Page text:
by nadine

The ability to travel has shaped cultures fundamentally throughout history, be it through trade, war, pilgrimage, migration, private or state-sponsored explorations. Many journeys recurred annually or were linked to the seasons, such as cattle herders' migrations between summer pastures and winter shelter, extended families coming together at anniversaries of births, deaths and marriages, itinerant merchants and entertainers travelling between markets and festivals. Since the industrial age these slow peregrinations have given way to mechanical efficiency, where the primary reason for travelling is to arrive at the destination ASAP.

The Pollinators, a platform for creative meandering, explores ways to re-establish the journey itself as the aim of travel, connecting with the landscape and its inhabitants along the way. The Pollinators tap into the mobile potential of our contemporary cultures and technologies to seek out and experiment with resilient modes of cultural travel, including biking, hiking and other locomotion powered by renewable sources, both elemental and muscular in origin.

A fold in a map

Pollinators became a platform for the Peregrini – wandering strangers and itinerant artists/collectors – who embarked on a bicycle expedition following the core concept of industrial travel, the straight line. A fold was discovered on a train map – a line moving straight through the heart of Europe, from the Baltic to the Mediterranean coast. This arbitrary line was a limitation, an absolute rule, but also a score that would help the artists explore their given territory – a 25 km-wide strip from Koszalin in Poland to Rab in Croatia – without hesitation, second thoughts, or prejudice.

Overcoming tourism

The journey became a quest of co-creation in a group of intentional travellers inspired by Hakim Bey’s “Overcoming Tourism”:

“The purpose of intentional travel, with its 'adventures' and its uprooting of habits, is to shake loose the dervish from all the trance­ effects of ordinariness. Travel, in other words, is meant to induce a certain state of consciousness or 'spiritual state' – that of Expansion.”

Following the invisible vector of a fold in the map was an invitation for a joint in-situ improvisation with a multitude of personalities, rather than the line being the most straight and efficient way to reach the end node. People were invited to suggest ways to connect to the landscape and the journey, to investigate and explore the ways artists and adventurers can form a portable, nomadic creative studio powered by sun, wind and muscles.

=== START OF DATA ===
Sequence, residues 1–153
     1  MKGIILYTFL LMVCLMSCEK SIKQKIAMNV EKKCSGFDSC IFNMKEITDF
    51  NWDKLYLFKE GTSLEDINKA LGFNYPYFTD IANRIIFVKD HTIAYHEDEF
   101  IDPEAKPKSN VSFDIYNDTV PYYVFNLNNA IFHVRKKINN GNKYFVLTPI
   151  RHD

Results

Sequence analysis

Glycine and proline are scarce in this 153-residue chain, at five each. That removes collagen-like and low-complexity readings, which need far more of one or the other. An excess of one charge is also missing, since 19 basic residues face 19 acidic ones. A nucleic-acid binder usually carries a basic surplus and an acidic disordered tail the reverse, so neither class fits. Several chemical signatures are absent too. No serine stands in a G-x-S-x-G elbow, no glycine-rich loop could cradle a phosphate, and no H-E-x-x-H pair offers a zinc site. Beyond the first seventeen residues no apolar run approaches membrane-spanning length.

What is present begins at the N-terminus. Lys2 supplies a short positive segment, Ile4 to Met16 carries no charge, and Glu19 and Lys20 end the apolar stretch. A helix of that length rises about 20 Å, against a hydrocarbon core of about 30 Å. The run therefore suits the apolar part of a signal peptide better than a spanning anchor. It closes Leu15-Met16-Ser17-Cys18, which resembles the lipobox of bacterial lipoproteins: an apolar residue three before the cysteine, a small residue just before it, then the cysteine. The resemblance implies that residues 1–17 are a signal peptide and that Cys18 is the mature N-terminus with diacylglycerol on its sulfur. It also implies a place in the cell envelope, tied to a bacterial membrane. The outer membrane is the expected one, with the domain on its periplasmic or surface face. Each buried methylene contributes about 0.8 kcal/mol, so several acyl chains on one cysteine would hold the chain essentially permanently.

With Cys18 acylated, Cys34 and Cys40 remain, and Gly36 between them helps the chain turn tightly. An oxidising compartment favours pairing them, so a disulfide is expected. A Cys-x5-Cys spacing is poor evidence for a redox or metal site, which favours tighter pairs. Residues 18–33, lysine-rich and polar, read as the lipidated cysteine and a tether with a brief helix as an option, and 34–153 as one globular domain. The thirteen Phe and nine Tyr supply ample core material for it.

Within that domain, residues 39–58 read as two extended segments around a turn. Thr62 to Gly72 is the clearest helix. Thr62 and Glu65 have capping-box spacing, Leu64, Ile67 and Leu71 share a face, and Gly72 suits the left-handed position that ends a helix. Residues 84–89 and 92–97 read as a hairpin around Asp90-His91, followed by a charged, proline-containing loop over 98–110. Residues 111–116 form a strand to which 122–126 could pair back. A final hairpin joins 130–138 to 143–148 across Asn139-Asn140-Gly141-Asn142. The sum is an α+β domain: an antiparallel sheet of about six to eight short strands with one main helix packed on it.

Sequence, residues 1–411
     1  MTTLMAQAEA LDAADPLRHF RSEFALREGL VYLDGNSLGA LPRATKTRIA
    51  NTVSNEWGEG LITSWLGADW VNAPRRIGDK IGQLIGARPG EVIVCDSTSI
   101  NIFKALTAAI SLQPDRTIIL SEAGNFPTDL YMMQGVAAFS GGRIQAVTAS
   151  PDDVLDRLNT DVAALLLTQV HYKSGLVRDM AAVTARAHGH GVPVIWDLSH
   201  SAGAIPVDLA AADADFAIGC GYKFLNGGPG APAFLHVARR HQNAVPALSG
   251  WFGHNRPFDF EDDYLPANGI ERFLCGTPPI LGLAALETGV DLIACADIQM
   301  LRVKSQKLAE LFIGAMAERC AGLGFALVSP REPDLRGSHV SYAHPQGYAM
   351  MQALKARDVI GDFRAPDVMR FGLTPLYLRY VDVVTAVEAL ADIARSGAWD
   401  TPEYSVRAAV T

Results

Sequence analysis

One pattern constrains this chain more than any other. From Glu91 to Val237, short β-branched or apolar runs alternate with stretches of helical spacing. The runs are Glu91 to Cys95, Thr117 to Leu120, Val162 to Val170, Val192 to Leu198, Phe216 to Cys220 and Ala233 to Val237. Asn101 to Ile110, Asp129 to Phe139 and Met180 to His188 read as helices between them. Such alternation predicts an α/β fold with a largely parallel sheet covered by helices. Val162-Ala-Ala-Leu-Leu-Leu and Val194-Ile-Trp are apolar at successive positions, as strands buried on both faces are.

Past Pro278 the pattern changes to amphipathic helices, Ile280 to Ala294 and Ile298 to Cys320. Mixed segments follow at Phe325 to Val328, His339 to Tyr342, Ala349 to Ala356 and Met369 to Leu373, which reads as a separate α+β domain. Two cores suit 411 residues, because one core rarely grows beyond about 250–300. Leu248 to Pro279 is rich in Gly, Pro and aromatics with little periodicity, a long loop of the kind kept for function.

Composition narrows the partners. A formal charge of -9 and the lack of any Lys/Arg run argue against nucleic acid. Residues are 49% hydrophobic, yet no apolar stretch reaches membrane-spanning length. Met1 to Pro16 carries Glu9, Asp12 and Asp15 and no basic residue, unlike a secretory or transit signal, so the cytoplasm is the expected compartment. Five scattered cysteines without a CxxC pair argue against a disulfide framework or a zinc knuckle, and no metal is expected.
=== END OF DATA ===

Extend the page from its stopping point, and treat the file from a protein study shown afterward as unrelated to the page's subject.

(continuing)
Nomadic studio

In the aftermath of the last major ice age, early Europeans traveled north following the receding permafrost through an unknown landscape. In Pollinators, the Peregrini group moved south, during what many see as the prelude to another major climatic shift. This trip was an experiment in the sustainable mobility of cultural practices, framed by the environmental, social and economic challenges our future societies may be facing – such as the unpredictability of fuel prices or the wastefulness of overconsumption, tourism included. While on the road we explored how artists come together in fragile research processes, and how they can break out of static, heavy-handed approaches to production. How flexible is the artistic process of co-creation when it is disconnected from the power grid? What existing and emerging technologies could meet these challenges? And what communication channels would be most suited for maintaining contact with the wider world when artists move off the grid in small, nomadic communities for long periods?

Experimental journey

Moving straight down the middle of Europe as a nomadic artistic platform entails many challenges. The Pollinators brought together nine people from very diverse backgrounds to live, travel and create together while improvising on the road (and often across rural hinterlands): navigating, finding food and shelter, repairing bikes and keeping track of each other for almost a month. We gathered for this first peregrination along the fold on 3 July 2012 in Koszalin, Poland. Our experience resulted in numerous works, from sculptures made and installed on the road to maps, video performances and blogs. We felt that this constrained journey served as a valuable format in which people could explore and enrich their creative practices in alternate ways. For many participants this experience instigated new approaches and nomadic working methods. In future we’d like to open up “Default” to individuals from all backgrounds, and pick as-yet unexplored routes arbitrarily folded into various maps of Europe.

“And now, something remains possible – aimless wandering, the sacred drift. … We can allow ourselves to participate, to experience the world as a living relation and not as a themepark.” – Hakim Bey


  • resilients/the_pollinators_review.txt
  • Last modified: 2013-02-11 07:02
  • by nik